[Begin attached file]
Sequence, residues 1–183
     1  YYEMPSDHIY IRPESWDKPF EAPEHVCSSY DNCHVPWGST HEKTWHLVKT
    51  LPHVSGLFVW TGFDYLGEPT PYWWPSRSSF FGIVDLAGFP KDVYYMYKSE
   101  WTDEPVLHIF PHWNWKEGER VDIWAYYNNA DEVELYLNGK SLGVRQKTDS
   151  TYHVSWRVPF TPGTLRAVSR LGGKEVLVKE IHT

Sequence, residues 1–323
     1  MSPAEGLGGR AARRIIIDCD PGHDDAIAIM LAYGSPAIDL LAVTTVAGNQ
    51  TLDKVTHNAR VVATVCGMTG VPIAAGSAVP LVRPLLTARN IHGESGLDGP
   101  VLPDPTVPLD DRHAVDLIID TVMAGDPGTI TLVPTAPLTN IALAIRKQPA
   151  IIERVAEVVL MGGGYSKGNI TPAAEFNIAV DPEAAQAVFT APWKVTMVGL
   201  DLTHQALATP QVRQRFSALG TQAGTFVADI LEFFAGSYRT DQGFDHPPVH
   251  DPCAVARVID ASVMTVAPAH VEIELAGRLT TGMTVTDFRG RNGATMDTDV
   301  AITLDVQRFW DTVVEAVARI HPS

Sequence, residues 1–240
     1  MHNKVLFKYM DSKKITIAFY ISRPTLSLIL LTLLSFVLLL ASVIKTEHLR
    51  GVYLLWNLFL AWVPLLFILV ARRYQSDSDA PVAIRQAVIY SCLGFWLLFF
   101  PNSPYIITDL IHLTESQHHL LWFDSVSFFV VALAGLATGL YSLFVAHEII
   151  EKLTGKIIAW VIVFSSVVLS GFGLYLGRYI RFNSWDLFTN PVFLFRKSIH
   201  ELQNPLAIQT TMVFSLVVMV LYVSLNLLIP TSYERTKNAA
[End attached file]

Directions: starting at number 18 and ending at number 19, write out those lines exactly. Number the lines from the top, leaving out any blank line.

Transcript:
   151  EKLTGKIIAW VIVFSSVVLS GFGLYLGRYI RFNSWDLFTN PVFLFRKSIH
   201  ELQNPLAIQT TMVFSLVVMV LYVSLNLLIP TSYERTKNAA